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Hong Kong Set to Approve Bitcoin and Ether ETFs as Early as Monday

Thomas Musgrave
Last updated: | 1 min read

Hong Kong is expected to approve Bitcoin and Ether ETFs as early as Monday, according to two sources familiar with the matter, marking a big step for the cryptocurrency industry in the region.

Harvest Fund Management, along with Bosera Asset Management and HashKey Capital, is anticipated to receive approval for its spot Bitcoin and Ether ETF applications.

By the end of April, the ETFs are expected to receive the green light from the Securities and Future Commissions (SFC). Additionally, the SFC is reportedly collaborating with Hong Kong Exchanges & Clearing Ltd to finalize the approval process.

While the exact timeline is unknown, sources suggest that the initial approvals, which may include Hong Kong Bitcoin ETFs, could occur as soon as Monday.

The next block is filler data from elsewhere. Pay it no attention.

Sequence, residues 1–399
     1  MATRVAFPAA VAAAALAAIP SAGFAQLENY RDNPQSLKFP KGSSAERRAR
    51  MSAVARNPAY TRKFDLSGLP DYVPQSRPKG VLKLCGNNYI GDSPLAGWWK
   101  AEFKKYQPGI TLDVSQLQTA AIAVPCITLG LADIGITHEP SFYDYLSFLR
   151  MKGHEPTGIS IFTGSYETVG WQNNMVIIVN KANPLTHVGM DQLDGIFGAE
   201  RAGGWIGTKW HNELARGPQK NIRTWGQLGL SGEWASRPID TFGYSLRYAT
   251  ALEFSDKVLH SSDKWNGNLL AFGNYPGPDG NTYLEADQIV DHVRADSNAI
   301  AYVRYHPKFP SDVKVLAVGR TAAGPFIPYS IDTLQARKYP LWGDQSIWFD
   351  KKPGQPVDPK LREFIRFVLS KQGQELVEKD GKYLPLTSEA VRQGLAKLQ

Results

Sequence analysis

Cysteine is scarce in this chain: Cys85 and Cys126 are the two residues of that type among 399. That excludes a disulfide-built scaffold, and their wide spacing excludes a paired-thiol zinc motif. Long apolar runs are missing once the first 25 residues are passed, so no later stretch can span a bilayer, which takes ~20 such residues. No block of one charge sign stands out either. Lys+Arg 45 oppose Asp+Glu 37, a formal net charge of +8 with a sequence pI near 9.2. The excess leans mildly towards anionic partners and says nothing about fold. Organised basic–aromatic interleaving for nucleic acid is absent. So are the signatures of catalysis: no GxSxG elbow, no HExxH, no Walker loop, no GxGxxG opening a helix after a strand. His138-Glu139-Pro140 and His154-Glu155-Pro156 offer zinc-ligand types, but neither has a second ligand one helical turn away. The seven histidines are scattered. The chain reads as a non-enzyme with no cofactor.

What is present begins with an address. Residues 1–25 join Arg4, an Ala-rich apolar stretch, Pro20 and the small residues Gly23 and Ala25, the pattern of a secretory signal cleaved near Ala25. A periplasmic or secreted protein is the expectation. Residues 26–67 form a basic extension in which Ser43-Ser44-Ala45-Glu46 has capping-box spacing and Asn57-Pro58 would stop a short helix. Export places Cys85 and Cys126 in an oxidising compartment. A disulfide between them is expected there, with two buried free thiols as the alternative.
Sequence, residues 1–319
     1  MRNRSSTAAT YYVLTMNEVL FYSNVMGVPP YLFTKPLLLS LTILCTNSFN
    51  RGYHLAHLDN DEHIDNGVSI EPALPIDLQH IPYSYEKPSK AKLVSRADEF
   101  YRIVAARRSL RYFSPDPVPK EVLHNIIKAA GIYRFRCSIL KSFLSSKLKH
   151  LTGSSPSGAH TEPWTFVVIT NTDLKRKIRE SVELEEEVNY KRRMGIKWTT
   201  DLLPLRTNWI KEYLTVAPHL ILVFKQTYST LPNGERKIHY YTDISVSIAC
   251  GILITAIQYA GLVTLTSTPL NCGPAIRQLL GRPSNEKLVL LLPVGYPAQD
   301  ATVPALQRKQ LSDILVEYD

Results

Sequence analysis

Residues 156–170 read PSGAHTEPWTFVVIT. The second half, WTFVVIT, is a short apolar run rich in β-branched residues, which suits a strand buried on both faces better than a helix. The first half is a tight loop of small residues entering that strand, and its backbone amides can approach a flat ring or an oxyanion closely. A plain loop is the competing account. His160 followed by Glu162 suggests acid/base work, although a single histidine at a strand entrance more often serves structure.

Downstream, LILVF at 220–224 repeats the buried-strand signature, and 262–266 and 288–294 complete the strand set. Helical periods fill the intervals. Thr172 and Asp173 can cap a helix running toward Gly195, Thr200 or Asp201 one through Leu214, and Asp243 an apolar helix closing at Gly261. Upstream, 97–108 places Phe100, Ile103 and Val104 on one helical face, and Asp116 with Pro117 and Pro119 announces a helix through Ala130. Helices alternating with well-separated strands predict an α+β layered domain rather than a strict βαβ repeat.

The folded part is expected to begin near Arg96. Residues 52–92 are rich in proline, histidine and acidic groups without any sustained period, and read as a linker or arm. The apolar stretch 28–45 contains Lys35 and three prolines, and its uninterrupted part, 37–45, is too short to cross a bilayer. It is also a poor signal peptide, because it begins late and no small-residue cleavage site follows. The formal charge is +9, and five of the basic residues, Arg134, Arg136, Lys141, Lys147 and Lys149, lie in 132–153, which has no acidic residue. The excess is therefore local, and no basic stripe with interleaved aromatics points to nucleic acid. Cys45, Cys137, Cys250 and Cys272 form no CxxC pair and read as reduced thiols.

Regulators based in the cities have already approved the launch of crypto-based ETFs. CSOP Ether Futures, Samsung Bitcoin Futures, and CSOP Bitcoin Futures collectively hold an estimated value of $170 million.

Bitcoin ETFs Show Strong Inflows Since Launch


Since the year began, Bitcoin ETFs have contributed to a resurgence in the cryptocurrency markets.

By mid-April, the total assets under management for the 11 ETFs are projected to reach a record $73 billion, with $59 billion raised to date. The net flows into Blackrock’s iSharesBitcoin Trust have exceeded $15 billion in just three months.

From the beginning of this week, Harvest was expected to get approval to launch a spot Bitcoin ETF in the city. Both Harvest and China Asset Management were given approval by the SFC to supply virtual asset fund management services on April 9.

Regulators Working to Allow Investors to Buy Spot ETFs


Julia Leung, deputy chief executive director of intermediaries for the SFC, stated the regulator was “actively seeking to set up a regime to approve ETFs that provide investor guarails for airstream virtual assets”.

Hong Kong’s crypto appeal had encountered a problem in the form of JPEX, an unlicensed crypto exchange responsible for an alleged $1.6 million in fraud. However, authorities still continue to show ambitions to support crypto entrepreneurs in hopes of restoring the city’s reputationas a global business center.